Information for New Members:
About Imperial College Caving Club
Imperial College Caving club is a relaxed, easy-going club dedicated to sports caving and canyoning in the UK and abroad. We go on regular trips, with the emphasis on having fun away from the hassle of lectures and work.
Founded in 1962, we are very well equipped and have a huge amount of experience to pass on to new members. We try to go on expedition each summer to discover new cave passage, recent highlights include: Siberia, Alpine France, Slovenia, Cuba, Sardinia, Slovakia, to name but a few.
Why Join us?
Imperial College London offers the most extensive range of clubs of any student union in the country - so why join this particular outdoor club?
Well - we're pretty focused on Caving (going underground), with a sideline in Canyoning (abseiling down waterfalls and swimming across drop pools down a ravine) and Via Ferrata (mountaineering with in-situ metal cables instead of bringing your own ropes).
Caving gets you out of London, doesn't involve sweating on indoor climbing walls and takes you to an entirely different world just below our feet - quite honestly the closest you'll ever come to walking on the moon. Caves have an enormous variety - frozen caves filled with icicles, enormous chambers, ancient formations, underground rivers etc. Similarly, the techniques used to get there are a splendid combination.
Only while caving can you find yourselves abseiling down into stupendously large stone cathedrals, climbing and scrambling, traversing over enormous pits, crawling through mud and paddling across underground lakes in an inflatable boat - and that's all in one trip! Amid the seemingly serious, there's a great deal of fun to be had. Whether this is due to the caving itself, or the humour of cavers themselves I don't know. Tall tales of caving around a campfire, propping up the Union bar, or the surreal humour of lowering yourself into a frigid pool of water to swim across a lake deep underground - it's entirely different from chatting about lectures or what was on TV last night.
The limestone landscape where we cave is particularly beautiful, and for our explorations we usually get special permission to camp on mountains and in national parks.
We cave all year round (UK caves are a fairly constant 15C), and you're guaranteed to get some good trips in on the weekend, even if the weather does turn nasty.
Caving doesn't require obsessive exercise or a particular build, but it's an excellent way of getting and keeping fit.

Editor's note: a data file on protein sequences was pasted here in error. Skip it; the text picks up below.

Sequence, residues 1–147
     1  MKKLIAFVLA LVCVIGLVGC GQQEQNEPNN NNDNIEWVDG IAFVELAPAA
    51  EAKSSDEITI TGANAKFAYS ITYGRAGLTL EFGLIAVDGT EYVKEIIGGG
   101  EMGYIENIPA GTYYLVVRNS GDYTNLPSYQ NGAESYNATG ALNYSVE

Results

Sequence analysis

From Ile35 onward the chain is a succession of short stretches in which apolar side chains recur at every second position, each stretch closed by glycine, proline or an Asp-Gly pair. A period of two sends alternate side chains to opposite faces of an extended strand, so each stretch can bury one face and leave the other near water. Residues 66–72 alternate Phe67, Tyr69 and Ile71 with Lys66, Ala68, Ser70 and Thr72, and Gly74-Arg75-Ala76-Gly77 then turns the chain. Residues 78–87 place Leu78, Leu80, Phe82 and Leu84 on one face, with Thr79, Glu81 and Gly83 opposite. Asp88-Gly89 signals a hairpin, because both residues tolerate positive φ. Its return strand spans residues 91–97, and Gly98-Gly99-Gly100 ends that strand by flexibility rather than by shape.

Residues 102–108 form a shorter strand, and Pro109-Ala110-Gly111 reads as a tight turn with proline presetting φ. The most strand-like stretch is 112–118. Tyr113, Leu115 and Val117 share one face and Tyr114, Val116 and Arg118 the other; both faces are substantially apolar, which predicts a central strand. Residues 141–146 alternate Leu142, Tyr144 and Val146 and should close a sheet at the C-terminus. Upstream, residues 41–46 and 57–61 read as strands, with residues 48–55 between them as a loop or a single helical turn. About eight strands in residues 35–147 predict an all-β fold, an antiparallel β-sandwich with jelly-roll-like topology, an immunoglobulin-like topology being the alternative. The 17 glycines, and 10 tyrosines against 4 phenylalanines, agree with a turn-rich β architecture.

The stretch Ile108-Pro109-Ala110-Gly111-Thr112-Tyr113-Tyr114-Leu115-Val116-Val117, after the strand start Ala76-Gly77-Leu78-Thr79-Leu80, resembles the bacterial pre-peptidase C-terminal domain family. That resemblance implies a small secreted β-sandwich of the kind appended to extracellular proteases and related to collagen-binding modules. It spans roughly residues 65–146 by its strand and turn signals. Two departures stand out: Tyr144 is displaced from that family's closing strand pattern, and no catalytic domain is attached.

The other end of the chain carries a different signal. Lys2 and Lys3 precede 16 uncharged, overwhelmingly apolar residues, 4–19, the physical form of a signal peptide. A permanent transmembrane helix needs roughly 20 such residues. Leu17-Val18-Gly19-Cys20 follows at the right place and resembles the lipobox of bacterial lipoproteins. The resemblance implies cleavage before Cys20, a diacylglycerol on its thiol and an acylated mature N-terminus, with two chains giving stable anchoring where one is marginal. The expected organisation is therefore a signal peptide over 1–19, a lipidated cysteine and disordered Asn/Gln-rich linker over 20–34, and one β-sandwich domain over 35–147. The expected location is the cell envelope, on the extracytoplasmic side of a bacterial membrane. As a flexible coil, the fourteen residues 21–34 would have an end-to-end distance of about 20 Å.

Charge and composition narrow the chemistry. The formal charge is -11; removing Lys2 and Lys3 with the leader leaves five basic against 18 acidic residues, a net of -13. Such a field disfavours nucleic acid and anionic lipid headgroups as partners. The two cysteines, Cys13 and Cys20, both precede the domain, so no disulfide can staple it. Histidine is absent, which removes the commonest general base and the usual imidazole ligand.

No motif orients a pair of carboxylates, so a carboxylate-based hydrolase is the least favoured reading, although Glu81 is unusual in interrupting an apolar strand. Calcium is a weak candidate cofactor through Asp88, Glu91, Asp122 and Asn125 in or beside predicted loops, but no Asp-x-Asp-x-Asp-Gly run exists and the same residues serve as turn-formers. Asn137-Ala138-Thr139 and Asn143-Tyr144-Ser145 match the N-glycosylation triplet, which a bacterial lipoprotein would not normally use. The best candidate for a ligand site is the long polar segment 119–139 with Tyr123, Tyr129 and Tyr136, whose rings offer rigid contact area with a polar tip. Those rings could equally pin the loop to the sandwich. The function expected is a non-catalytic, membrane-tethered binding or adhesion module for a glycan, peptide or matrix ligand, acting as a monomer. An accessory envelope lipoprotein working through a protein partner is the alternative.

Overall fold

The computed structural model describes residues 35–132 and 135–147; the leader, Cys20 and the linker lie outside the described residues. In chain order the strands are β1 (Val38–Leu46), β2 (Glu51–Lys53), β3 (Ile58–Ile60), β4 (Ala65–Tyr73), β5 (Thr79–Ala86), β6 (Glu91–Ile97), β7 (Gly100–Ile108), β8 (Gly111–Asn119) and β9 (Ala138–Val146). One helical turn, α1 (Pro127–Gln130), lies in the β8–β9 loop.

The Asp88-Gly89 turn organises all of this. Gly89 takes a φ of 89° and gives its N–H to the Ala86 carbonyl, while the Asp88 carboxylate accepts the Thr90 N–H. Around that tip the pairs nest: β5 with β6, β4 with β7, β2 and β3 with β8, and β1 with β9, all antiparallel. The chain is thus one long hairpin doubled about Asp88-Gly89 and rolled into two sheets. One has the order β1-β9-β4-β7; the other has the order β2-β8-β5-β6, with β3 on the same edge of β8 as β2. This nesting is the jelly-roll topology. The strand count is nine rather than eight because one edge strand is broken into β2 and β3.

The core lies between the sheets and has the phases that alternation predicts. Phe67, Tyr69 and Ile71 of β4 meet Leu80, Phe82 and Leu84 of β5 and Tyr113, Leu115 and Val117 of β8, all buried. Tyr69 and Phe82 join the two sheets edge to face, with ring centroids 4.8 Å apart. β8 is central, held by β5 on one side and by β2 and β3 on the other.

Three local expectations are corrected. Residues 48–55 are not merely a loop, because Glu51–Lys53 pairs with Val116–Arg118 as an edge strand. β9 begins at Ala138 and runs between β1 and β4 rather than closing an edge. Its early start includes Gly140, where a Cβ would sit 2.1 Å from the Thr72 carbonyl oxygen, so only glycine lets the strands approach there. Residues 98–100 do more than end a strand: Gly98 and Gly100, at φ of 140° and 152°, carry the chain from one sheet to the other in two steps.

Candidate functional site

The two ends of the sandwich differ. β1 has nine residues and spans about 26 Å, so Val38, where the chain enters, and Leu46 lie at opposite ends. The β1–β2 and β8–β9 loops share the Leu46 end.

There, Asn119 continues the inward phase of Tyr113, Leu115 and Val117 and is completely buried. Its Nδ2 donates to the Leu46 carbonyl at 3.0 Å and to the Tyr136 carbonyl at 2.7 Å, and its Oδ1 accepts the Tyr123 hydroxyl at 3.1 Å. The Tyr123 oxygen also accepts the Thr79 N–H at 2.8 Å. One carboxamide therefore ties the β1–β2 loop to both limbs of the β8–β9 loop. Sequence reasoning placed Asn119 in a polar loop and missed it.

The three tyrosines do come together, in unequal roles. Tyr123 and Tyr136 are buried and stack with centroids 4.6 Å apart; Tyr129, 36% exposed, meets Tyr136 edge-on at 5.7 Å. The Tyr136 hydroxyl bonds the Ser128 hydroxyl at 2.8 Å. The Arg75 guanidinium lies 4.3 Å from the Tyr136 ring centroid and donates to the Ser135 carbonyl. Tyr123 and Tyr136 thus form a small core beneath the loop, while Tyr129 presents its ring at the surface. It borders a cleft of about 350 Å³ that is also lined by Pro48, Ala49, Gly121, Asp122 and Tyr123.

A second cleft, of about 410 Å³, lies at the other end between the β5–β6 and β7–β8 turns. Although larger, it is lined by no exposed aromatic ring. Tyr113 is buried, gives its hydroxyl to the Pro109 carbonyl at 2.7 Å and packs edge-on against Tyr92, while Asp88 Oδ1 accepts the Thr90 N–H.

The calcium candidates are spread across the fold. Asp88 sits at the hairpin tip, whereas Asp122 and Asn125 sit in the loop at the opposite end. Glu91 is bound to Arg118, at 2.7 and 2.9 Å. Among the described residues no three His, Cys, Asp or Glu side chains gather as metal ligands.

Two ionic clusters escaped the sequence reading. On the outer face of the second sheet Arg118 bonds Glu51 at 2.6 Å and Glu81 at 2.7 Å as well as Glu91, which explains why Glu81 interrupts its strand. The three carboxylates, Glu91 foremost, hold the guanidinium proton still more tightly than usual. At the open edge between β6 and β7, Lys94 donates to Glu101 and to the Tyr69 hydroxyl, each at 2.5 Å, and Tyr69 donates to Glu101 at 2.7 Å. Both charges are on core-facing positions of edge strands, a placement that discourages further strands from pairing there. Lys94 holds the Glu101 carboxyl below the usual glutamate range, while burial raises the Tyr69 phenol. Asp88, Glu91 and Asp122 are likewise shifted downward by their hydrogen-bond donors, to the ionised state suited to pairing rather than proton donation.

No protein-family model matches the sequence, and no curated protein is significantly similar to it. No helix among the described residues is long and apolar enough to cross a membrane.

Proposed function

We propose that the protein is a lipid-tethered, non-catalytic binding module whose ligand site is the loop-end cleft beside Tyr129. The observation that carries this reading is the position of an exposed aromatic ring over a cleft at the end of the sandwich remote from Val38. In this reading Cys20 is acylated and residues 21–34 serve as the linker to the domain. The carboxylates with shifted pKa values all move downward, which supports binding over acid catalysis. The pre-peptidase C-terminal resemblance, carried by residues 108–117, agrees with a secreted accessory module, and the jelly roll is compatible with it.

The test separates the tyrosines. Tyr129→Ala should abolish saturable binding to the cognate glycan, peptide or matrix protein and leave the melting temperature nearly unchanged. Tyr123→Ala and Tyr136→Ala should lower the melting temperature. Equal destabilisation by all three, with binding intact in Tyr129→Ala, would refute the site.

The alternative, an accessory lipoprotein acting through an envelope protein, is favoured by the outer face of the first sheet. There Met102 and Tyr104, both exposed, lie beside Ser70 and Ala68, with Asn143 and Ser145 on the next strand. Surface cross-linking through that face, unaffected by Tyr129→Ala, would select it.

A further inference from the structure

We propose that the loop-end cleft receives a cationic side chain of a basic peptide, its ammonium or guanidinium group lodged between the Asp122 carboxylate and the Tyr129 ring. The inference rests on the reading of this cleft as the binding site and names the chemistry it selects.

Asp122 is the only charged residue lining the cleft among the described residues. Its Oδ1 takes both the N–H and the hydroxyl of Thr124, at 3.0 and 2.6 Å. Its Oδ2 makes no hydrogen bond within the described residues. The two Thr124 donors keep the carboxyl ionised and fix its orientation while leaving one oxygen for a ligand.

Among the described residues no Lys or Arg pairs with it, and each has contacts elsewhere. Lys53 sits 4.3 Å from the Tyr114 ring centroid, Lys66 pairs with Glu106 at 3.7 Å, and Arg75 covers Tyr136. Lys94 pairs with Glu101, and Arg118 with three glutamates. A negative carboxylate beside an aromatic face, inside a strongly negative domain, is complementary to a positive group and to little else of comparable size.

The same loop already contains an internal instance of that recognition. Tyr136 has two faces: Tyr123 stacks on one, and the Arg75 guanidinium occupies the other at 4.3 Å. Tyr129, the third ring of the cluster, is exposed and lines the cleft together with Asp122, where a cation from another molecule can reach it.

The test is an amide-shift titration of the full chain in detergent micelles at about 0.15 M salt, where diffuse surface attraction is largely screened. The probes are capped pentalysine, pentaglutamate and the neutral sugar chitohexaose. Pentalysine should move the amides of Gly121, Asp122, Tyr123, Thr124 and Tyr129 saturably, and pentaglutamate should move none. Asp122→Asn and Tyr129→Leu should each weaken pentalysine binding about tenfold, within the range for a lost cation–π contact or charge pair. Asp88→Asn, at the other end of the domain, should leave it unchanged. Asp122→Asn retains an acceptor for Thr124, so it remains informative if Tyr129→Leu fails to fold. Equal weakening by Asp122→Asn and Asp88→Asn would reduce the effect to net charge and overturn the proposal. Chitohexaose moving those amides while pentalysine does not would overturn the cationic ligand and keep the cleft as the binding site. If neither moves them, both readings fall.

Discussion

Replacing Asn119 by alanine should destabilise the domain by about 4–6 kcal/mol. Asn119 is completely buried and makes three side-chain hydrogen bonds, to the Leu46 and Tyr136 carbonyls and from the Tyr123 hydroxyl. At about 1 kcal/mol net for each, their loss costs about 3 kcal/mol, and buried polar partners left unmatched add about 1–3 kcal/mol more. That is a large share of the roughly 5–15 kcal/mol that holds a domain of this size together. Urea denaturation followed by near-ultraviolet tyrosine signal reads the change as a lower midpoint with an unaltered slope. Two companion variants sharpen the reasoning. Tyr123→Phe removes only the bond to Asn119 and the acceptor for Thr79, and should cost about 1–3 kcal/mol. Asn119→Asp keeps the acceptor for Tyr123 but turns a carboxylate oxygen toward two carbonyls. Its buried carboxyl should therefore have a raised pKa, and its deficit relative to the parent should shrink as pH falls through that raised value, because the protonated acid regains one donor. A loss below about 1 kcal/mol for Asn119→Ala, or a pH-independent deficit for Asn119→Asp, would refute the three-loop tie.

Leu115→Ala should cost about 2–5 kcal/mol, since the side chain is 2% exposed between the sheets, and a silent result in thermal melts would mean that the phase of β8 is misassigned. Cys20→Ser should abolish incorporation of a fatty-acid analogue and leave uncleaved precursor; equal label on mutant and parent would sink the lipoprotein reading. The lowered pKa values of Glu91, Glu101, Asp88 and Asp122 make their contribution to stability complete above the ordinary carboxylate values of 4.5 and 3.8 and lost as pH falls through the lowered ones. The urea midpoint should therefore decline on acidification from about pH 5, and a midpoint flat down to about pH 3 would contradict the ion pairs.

Caving is very much a team activity - the more experienced people on a trip can make things easier for the relative novices, and with a club such as ours, new members can quickly find themselves doing significent trips.
Join our club and you'll see the whole range of UK caving during the Autumn term, round off your skills over the winter break and tackle the very best Sports Caving challenges in Europe and the UK during Spring and Easter. By the Summer term you'll be ready to start exploring deep cave systems - the very pinnacle of performance in this activity.
"The words which make up the human language are inadequate for those who venture into the depths of the earth." - Jules Verne
"The Thirst to be First"
Want to bag an unclimbed peak? Fine. Check it out on 'Googlemaps'; blow your student loan on a long distance flight and take your chances with the weather and with the fate of your Sherpas. You can phone your mum from the top.
Caving exploration is not like this. There is only one way of discovering what lies beneath, and that is to go there. We don't just venture to extreme places, but bolt and hammer and find our way in, surveying and mapping on the way out. We start not with satellite data and 1:10'000 scale maps, but with a blank sheet of paper.
And when underground - there is just you and your friends. Self-reliance and cooperation begin on day one, and go on to form extremely strong relationships.
The club meets every term-time Tuesday night from 7:00pm in the Union bar.
At these meetings, we discuss upcoming trips, plan tours to exotic climes, and
exchange tall tales of caverns measureless to man. For a bit of a laugh, excellent